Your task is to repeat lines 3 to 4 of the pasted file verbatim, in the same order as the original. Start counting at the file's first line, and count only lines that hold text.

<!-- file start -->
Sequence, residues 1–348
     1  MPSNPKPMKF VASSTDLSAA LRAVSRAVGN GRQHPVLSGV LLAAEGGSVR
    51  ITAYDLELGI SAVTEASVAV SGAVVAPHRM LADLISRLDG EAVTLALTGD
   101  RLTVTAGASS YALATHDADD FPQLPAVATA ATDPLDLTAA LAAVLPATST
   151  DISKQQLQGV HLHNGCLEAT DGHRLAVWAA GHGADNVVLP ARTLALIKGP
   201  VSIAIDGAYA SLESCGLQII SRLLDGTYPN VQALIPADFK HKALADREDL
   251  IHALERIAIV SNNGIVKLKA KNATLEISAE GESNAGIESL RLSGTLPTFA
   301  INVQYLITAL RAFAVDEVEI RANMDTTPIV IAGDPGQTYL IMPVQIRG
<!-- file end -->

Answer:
    51  ITAYDLELGI SAVTEASVAV SGAVVAPHRM LADLISRLDG EAVTLALTGD
   101  RLTVTAGASS YALATHDADD FPQLPAVATA ATDPLDLTAA LAAVLPATST